The Scantic River spans 38 miles in length, rising through the hills and forests of Stafford, CT, rushing downhill on sand and gravel bottoms, slowing through the farmlands and quickens its flow through the historic sections of Enfield, CT. The changing face of the river from a roaring torrent in spring, to a slow meander in summer dictates that the boaters exercise different precautions.
For additional information regarding canoeing on the Scantic River, please contact the Scantic River Watershed Association.
The Scantic River is a very fishable stream with a diversity based on the river flow, shade and bottom type. Some sections of the Scantic River have various reports of catches including yellow perch, rainbow trout, brown trout, brook trout as well as large and small mouth bass, just to list a few.
A variety of trails both marked and unmarked will help you safely explore the park. The marked trails, mostly within the Scitico and Somersville section of the park, have colored blazes on trees to help guide your way. The Hazardville side has several unblazed trails that will lead through many of the old ruins of the gunpowder works that once made this area famous. With the noisy river passing over rocks it is almost always within earshot giving you an easy way to find your way back to your starting point.
The trails at Scantic River Linear Park are non-motorized multi-use trails.
Long before this valley of the Scantic River became a Connecticut State Park it was used as a source of energy to power the gunpowder manufacturing mills of Colonel Augustus Hazard. Along the banks of the river, Hazard harnessed the water’s power to energize the many mills he used to produce various grades of gunpowder. A catastrophic explosion in January of 1913 brought the gun powder business to an end. Lives were lost and nearby village doors and windows were shattered. In 1979, 66 years after the explosive conclusion of the Hazard Powder Company, the state of Connecticut acquired this, and many other sections along the Scantic River, to create Scantic River State Park.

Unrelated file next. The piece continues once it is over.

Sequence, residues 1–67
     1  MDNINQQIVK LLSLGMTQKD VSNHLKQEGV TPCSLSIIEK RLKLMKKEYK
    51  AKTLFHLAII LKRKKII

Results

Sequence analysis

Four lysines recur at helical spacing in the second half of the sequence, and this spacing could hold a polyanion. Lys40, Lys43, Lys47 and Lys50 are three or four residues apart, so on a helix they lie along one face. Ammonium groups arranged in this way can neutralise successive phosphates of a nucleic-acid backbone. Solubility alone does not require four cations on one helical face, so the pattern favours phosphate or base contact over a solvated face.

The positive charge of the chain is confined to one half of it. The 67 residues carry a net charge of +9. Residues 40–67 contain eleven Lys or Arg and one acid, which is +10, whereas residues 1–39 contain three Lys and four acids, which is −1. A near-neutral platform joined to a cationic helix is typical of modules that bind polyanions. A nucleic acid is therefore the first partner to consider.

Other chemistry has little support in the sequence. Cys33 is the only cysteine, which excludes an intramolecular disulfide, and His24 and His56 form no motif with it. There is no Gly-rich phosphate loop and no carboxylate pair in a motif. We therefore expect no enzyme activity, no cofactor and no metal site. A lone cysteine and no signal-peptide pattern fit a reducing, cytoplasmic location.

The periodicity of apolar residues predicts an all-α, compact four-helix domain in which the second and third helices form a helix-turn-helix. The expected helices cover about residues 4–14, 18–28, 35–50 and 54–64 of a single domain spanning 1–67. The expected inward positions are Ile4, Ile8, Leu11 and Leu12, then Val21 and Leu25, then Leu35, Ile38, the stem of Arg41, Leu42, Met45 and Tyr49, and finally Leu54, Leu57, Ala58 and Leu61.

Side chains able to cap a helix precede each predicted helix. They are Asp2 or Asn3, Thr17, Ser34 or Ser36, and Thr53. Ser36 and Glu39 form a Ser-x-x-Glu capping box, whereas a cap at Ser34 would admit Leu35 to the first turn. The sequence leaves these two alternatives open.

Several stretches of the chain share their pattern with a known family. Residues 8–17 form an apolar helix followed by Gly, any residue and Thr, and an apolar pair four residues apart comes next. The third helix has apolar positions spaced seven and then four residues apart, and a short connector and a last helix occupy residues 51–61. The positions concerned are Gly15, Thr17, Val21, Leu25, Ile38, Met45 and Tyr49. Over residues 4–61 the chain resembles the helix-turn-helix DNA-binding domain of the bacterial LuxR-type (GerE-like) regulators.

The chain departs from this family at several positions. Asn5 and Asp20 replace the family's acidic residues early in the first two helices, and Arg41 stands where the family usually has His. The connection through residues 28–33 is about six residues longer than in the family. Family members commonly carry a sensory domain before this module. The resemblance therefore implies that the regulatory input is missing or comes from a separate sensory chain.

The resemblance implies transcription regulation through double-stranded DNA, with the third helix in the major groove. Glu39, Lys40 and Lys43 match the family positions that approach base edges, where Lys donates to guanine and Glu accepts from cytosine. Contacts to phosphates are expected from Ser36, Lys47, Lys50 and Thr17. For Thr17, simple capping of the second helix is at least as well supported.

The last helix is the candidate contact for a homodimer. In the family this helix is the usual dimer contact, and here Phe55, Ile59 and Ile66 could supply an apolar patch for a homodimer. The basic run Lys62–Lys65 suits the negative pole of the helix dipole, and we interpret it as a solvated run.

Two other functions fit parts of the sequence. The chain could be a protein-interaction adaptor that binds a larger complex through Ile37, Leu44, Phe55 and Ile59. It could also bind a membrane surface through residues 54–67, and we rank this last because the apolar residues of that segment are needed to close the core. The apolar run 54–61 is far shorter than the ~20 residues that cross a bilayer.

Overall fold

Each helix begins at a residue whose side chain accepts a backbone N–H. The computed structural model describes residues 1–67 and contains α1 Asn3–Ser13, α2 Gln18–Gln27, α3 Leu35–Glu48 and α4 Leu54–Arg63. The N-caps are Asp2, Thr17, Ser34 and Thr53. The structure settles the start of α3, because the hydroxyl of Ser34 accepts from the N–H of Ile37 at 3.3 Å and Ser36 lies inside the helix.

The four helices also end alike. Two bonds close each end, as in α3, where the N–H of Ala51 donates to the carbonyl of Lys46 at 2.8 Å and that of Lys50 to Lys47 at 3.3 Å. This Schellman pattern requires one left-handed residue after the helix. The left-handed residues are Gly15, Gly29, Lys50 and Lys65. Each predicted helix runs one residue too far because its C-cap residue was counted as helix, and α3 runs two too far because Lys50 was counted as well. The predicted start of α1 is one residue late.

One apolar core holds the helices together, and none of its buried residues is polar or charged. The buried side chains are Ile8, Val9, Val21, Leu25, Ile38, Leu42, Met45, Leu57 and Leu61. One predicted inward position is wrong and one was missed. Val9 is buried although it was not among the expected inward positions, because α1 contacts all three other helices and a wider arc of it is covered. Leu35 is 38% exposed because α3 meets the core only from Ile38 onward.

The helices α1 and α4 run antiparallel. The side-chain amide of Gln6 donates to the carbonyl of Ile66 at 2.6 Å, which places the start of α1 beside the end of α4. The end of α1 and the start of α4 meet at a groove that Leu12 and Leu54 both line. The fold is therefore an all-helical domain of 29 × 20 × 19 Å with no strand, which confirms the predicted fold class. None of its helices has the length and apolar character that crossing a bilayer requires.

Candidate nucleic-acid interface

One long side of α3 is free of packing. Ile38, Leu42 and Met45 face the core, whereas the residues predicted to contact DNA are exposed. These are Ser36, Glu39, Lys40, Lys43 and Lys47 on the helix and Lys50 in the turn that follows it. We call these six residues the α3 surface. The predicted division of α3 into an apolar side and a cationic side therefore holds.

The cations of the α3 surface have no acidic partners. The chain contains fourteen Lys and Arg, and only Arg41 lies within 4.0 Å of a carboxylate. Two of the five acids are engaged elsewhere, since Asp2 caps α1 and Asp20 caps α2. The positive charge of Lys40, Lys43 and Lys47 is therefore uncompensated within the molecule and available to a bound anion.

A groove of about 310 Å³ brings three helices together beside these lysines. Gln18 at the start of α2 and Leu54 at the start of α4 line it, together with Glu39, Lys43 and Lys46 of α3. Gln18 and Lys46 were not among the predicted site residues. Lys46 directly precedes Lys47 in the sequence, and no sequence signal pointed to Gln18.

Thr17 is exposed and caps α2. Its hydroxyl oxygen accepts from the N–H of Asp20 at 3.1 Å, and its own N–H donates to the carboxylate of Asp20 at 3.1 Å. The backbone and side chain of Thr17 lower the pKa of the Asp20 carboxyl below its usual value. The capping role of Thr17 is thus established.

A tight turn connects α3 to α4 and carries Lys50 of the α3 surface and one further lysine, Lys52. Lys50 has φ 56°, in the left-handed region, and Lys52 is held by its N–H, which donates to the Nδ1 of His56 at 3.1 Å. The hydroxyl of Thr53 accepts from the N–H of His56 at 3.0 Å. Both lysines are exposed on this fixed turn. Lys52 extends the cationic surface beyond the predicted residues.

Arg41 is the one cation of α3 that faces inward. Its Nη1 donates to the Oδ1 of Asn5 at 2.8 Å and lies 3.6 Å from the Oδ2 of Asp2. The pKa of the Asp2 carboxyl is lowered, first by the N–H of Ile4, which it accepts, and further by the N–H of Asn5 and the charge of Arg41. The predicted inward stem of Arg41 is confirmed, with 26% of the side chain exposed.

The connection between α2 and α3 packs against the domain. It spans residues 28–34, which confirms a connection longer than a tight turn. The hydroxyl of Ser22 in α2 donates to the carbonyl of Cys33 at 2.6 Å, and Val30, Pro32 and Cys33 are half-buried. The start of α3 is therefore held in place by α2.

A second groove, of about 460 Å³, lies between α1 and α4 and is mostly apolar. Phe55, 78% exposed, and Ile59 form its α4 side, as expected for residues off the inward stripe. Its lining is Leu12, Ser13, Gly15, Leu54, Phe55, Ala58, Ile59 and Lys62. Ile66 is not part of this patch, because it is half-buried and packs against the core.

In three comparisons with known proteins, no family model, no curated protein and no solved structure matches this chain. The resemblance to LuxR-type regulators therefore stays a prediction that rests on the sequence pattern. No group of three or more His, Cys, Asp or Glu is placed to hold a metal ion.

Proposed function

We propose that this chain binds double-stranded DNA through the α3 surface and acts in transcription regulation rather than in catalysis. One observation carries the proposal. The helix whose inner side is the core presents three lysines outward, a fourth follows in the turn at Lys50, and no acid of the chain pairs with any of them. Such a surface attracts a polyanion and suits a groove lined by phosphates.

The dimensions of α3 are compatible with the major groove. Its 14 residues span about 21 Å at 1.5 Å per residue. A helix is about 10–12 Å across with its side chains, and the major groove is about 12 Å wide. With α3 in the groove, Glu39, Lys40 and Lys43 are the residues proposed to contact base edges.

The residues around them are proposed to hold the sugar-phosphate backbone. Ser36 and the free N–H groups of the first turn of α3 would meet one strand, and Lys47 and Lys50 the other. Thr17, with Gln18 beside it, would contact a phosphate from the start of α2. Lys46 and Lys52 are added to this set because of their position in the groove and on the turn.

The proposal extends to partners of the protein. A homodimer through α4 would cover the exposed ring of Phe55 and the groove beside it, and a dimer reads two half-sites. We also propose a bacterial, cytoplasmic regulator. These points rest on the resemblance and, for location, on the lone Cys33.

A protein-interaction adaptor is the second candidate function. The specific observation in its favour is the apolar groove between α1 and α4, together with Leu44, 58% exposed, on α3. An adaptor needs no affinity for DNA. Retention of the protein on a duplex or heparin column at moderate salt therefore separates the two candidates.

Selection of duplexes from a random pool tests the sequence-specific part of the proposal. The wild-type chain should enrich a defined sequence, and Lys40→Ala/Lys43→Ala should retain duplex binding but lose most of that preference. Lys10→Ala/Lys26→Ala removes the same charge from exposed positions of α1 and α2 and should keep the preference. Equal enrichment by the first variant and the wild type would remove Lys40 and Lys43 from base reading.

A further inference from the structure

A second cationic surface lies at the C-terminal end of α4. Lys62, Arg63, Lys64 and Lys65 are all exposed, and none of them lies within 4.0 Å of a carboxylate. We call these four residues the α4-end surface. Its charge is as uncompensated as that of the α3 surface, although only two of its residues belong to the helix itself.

Today a remnant maze of water canals, metal control structures, chiseled brownstone blocks, broken cast iron fittings, stone works for dams and occasional foundations serve as the only remains of the old powder factory.
Take a Historic tour of the Hazard Powder Company
Hunting is regulated by the Department of Energy and Environmental Protection as part of its comprehensive wildlife management program. During the appropriate season, hunting is allowed in a limited number of State Parks and many State Forests.
The three main sections of Scantic River State Park are Open to Archery Deer and Turkey, no permit required.
The Scitico and Somersville parcel and Melrose/Harrington Lot are also open to small game and waterfowl hunting by permit. Daily permits required from the third Saturday in October to the first Saturday in December.
The varied riverine, floodplain, wetland and forested habitats within the park combined with this generally rural part of the state to attract a wide variety of birds. Quiet locations away from the designated parking areas will provide excellent opportunities to spot several various birds; look for greater diversity in the fall and spring as birds migrate north and south along the state's central valley.
Yes, on leash